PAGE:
Have a safe Fourth of July cookout
Sunshine, hot dogs and cold drinks (along with nighttime fireworks) make for a fun Fourth of July holiday. As you gather with friends and family, serve up some food safety at your holiday cookout.
“If we don’t handle and prepare foods in safe ways, we could make family, friends and ourselves sick,” says Janice Hall, an Alabama Extension regional food safety agent.
Hall offers four basic steps to prevent the start and spread of foodborne illnesses at your next cookout.
Clean: First things first, wash your hands. This should be common after the pandemic, but it never hurts to remind, especially when people are going in and out of the house. Lather with warm water and soap for at least 20 seconds; thoroughly rinse and dry hands with a paper towel.
Separate: Use clean plates and cooking utensils to take foods off the grill. Never use the same plate that held raw meat for foods that are ready to eat.
Cook: Use a food thermometer to check the temperatures of meats. Minimum internal cooking temperatures: Poultry, 165 degrees F; ground meats, 160 degrees F; fish, 145 degrees F; and beef, pork, lamb and veal (steaks, roasts, chops), 145 degrees with three-minute rest time.
Chill: Use separate coolers for hot foods, cold foods and beverages. One ice has been used for storage, it should not be consumed. Pack leftovers as soon as possible. (Information from the Alabama Cooperative Extension System)
Auburn student interns for Alabama Living
Tessa Battles, a senior at Auburn University, is working as an intern at Alabama Living this summer. Battles is a native of Geneva, Alabama, and is majoring in journalism with a minor in political science. Battles is assisting the magazine staff with social media, copy editing and writing stories.
Battles says that she has always loved to write, but she started her journey at Auburn as a pre-vet major.
“I quickly realized that wasn’t for me,” Battles says. “I knew I had always been drawn to reading and writing and did well in those subjects, but journalism never occurred to me until my sophomore year of college.”
Battles says that when she took her first journalism course at Auburn, she fell in love with it.
“I loved everything about journalism, especially when I got introduced to feature writing.” Battles says. “I am excited to be interning at Alabama Living because it is pushing me to strengthen myself and push forward in my career.”
Aside from writing, Battles enjoys hiking, painting, making jewelry and gardening. She plans to pursue law school and a career in intellectual property law following graduation in August. She says that her passion for helping people have their stories heard nudged her toward a career in law, but she never wants to stop writing.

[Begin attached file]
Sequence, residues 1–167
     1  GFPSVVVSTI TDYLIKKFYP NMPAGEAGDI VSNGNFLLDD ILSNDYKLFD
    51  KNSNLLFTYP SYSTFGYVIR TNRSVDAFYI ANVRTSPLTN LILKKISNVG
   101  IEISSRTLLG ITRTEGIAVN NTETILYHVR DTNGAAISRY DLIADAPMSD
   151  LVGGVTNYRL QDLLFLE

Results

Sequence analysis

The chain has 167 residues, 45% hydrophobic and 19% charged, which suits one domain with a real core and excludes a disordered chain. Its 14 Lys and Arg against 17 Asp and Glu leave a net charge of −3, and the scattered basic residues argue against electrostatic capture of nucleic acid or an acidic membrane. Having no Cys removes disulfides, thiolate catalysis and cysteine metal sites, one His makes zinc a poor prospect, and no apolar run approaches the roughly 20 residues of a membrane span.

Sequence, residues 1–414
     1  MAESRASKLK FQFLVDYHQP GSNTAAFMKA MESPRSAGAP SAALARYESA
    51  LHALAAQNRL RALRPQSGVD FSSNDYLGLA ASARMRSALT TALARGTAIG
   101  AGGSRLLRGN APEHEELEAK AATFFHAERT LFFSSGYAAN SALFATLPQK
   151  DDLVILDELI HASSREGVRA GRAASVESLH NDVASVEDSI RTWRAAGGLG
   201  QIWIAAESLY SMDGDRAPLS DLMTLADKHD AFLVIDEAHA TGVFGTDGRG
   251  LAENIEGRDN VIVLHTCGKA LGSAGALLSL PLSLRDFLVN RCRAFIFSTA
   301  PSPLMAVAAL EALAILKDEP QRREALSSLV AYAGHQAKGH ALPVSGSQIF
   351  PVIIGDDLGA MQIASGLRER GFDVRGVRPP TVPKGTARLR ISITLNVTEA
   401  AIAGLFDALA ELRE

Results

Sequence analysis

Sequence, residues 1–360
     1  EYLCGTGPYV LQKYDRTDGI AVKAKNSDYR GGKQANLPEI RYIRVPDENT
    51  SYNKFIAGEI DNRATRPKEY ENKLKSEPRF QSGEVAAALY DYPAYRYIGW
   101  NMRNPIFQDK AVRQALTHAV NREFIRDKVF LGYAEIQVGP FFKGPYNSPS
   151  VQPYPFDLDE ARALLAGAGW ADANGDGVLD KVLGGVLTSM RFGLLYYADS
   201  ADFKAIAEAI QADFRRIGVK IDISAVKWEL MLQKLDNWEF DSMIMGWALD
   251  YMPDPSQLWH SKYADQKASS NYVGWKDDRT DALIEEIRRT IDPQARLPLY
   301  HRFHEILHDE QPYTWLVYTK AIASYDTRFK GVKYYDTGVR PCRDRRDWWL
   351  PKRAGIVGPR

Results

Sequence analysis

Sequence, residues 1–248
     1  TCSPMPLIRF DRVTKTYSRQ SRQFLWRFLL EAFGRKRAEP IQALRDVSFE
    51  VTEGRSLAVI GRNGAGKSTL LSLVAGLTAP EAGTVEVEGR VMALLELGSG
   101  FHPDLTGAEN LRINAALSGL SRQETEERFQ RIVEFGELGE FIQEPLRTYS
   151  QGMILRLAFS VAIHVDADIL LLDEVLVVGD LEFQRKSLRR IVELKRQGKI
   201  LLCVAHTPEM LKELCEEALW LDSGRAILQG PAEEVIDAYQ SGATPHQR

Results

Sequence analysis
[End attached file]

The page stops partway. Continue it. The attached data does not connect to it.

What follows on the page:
New podcast highlights Alabama’s civil rights history
Most American history books only scratch the surface when it comes to telling stories about the Civil Rights Movement, and consequently many of those stories are not that well-known. To help bring a behind-the-scenes look at how the Civil Rights Movement shaped a nation, the Alabama Tourism Department is launching the Alabama Civil Rights Trail podcast.
The first episode provides an in-depth look into who the Freedom Riders were and their mission to ride across the Deep South. Episode two dives deeper into the bombings and other terrorizing activities that took place in Birmingham during the late 1950s through the mid-1960s. The third episode covers attempted voting rights marches from Selma to Montgomery, which radically influenced the passage of the Voting Rights Act, and discusses how events that happened more than 50 years ago still play a role in the fight for equality today.
Search “Alabama Civil Rights Trail” wherever you get your podcasts.
Tell us about your favorite cookbook!
A cookbook, handed down from one generation to the next, is a wonderful, personal way to share coveted family recipes with young cooks. While the bookstores (and shopping websites) of today are filled with cookbooks penned by “celebrity” chefs and TV stars, complete with professionally styled photography and eye-catching layouts, they lack the personal connection of the dog-eared, cake batter-stained and sometimes coverless heirlooms that belonged to our mothers and grandmothers.
We want to know the stories behind your treasured family cookbook, and why it’s so special to you. Send a short (less than 250 words) note to Allison Law at email@example.com by Aug. 2 and tell us about your favorite cookbook and why you cherish it. We’d also love a photo of the book (or you holding the book!). Alternately, you can mail your story to us at 340 Technacenter Drive, Montgomery, AL 36117. You may be featured in an upcoming article!